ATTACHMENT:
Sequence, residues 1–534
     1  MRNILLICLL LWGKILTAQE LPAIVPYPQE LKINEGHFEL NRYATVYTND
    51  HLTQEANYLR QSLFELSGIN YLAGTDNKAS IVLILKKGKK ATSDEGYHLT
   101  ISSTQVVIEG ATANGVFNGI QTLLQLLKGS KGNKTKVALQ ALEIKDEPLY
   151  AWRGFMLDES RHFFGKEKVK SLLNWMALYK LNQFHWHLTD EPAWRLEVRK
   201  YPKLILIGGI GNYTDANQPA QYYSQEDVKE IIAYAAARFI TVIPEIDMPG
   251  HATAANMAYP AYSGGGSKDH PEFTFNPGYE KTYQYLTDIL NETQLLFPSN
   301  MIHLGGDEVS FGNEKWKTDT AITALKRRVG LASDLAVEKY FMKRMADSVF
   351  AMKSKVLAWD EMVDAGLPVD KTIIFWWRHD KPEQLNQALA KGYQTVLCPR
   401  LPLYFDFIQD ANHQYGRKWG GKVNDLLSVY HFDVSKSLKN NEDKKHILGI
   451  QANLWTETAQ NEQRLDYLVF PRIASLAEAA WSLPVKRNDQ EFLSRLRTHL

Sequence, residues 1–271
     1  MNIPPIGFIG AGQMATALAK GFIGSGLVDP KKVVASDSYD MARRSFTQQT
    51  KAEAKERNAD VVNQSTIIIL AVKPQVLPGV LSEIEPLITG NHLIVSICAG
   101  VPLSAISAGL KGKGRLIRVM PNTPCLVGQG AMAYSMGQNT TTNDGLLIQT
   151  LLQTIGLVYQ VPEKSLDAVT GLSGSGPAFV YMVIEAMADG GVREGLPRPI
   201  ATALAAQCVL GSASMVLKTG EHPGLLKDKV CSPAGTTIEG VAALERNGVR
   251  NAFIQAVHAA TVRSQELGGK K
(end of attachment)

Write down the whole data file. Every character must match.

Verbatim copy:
Sequence, residues 1–534
     1  MRNILLICLL LWGKILTAQE LPAIVPYPQE LKINEGHFEL NRYATVYTND
    51  HLTQEANYLR QSLFELSGIN YLAGTDNKAS IVLILKKGKK ATSDEGYHLT
   101  ISSTQVVIEG ATANGVFNGI QTLLQLLKGS KGNKTKVALQ ALEIKDEPLY
   151  AWRGFMLDES RHFFGKEKVK SLLNWMALYK LNQFHWHLTD EPAWRLEVRK
   201  YPKLILIGGI GNYTDANQPA QYYSQEDVKE IIAYAAARFI TVIPEIDMPG
   251  HATAANMAYP AYSGGGSKDH PEFTFNPGYE KTYQYLTDIL NETQLLFPSN
   301  MIHLGGDEVS FGNEKWKTDT AITALKRRVG LASDLAVEKY FMKRMADSVF
   351  AMKSKVLAWD EMVDAGLPVD KTIIFWWRHD KPEQLNQALA KGYQTVLCPR
   401  LPLYFDFIQD ANHQYGRKWG GKVNDLLSVY HFDVSKSLKN NEDKKHILGI
   451  QANLWTETAQ NEQRLDYLVF PRIASLAEAA WSLPVKRNDQ EFLSRLRTHL

Sequence, residues 1–271
     1  MNIPPIGFIG AGQMATALAK GFIGSGLVDP KKVVASDSYD MARRSFTQQT
    51  KAEAKERNAD VVNQSTIIIL AVKPQVLPGV LSEIEPLITG NHLIVSICAG
   101  VPLSAISAGL KGKGRLIRVM PNTPCLVGQG AMAYSMGQNT TTNDGLLIQT
   151  LLQTIGLVYQ VPEKSLDAVT GLSGSGPAFV YMVIEAMADG GVREGLPRPI
   201  ATALAAQCVL GSASMVLKTG EHPGLLKDKV CSPAGTTIEG VAALERNGVR
   251  NAFIQAVHAA TVRSQELGGK K